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Democrats in Congress should undertake new electoral reforms to avoid wasting democracy from an more and more radical GOP

The case of the house is illuminating. Thanks to widespread GOP gerrymandering, Republicans nearly recaptured the lower chamber last year, and might have done so if the Democrats hadn't filed successful lawsuits in the past decade that resulted in new maps in Florida, North Carolina, Pennsylvania and Virginia would have led. But it might just be a temporary respite: thanks to a strong performance at the legal level, it is the Republicans ready to dominate redistribution across the country just like the GOP hardliners of the Supreme Court threaten turbocharger gerrymandering.

The Senate poses a different problem. As our newly released data shows, Democratic senators collectively won more votes and represented more Americans than Republicans Uninterrupted since 2000, but have only operated the chamber half the time since then. If the Senate Republicans had won just over 1,000 more votes in New Hampshire in 2016, the GOP minority rule would have continued into 2020 despite Democratic Senators representing tens of millions more voters. Of course there is also the electoral college: a postponement of Only 40,000 votes in three major swing states Trump could have won the presidency again last year despite a second loss of popular votes.

The Republican minority rule is not just a threat to our elected offices. This is already a reality in the US Supreme Court, where five Conservative justices were confirmed by the Senate in which the Republican majority won fewer votes and represented fewer people than the Democratic minority. Three of these judges were also appointed by a president who lost the referendum.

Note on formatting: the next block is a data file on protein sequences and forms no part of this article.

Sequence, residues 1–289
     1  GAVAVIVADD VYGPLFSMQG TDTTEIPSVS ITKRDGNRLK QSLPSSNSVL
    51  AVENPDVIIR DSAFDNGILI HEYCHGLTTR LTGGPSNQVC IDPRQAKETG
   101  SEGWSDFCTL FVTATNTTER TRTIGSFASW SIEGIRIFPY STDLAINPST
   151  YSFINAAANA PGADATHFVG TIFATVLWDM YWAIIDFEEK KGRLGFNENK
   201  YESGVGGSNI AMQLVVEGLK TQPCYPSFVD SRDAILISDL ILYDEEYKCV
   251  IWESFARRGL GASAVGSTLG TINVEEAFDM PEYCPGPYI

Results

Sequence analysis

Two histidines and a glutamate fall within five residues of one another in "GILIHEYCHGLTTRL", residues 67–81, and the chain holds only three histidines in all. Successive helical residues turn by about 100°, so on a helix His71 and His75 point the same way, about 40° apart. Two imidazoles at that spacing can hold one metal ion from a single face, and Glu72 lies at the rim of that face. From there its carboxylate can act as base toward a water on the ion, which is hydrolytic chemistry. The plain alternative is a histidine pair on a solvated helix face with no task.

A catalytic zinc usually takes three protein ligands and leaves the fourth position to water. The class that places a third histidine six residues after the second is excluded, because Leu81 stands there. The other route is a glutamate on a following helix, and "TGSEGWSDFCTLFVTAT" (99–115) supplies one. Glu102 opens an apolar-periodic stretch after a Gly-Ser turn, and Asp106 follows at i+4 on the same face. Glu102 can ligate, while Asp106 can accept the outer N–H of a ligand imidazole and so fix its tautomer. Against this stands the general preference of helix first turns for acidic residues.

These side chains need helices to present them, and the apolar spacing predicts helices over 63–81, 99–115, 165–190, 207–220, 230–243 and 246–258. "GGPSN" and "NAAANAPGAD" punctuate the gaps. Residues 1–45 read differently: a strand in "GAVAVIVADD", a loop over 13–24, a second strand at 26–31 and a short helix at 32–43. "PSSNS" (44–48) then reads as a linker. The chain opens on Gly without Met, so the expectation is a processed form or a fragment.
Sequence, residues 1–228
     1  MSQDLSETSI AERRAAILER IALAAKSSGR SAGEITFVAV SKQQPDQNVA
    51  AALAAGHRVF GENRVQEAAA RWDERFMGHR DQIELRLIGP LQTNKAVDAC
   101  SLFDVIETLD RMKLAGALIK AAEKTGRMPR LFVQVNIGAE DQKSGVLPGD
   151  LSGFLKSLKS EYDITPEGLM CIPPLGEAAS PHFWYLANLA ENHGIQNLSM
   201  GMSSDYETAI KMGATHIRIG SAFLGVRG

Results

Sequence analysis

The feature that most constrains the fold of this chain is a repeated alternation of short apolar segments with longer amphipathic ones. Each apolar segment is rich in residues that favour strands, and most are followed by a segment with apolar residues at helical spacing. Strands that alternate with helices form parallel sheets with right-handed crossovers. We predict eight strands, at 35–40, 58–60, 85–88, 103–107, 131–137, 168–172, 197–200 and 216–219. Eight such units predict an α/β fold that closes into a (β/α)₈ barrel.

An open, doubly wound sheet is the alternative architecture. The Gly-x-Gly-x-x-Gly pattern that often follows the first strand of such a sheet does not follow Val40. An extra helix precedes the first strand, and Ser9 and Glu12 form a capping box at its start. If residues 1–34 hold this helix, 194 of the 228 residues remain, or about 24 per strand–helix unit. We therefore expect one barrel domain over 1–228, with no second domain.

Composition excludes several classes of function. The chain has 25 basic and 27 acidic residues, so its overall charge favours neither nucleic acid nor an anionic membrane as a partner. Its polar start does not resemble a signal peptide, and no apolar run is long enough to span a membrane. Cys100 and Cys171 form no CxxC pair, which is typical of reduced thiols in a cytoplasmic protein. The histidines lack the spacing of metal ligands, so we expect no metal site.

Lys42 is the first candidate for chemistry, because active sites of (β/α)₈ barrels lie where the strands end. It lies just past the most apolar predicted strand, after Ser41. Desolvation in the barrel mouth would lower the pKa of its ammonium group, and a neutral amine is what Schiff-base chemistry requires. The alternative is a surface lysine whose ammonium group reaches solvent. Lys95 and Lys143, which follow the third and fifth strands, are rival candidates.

And that's before we even get to the unprecedented attacks by Republican extremists on democracy in January. These included the far-right insurrection in which a violent mob ransacked the Capitol, left several dead, nearly killed elected officials, and resulted in Trump's impeachment for the second time after he and his allies in Congress incited violence from lies about electoral fraud and tell stolen elections.

Nevertheless violent coup attempt, two-thirds of the House's Republicans and several prominent GOP senators just hours later that day, voted to reject the results of the electoral college hoping to steal the election for Trump. Our democracy has been increasingly besieged by the far right for years, but these attempts to overthrow it through both mob violence and Congressional action mark the lowest ebb in American civil health since the Civil War.

However, we can reverse this decline by adopting the reforms before Congress. But to get them passed would require unanimous support from Senate Democrats and a newfound willingness to curtail the filibuster in the face of certain Republican obstacles. If democrats don't seize their fleeting chance to pass transformational reforms on to our democratic institutions and protect the right to vote, our democracy may not survive much longer.

Failure to act could result in Republicans regaining a majority in the House of Representatives in 2022 and another majority in the Senate next year, despite again failing to win more votes or represent more Americans than Democrats. A Republican-led Congress could even seek to overthrow democracy for good in 2024 by rejecting the Electoral College result, as Trump and his many allies tried last month.

Democratic reform must be high on the agenda this year because the future of our political system – and every other political effort – depends on it.

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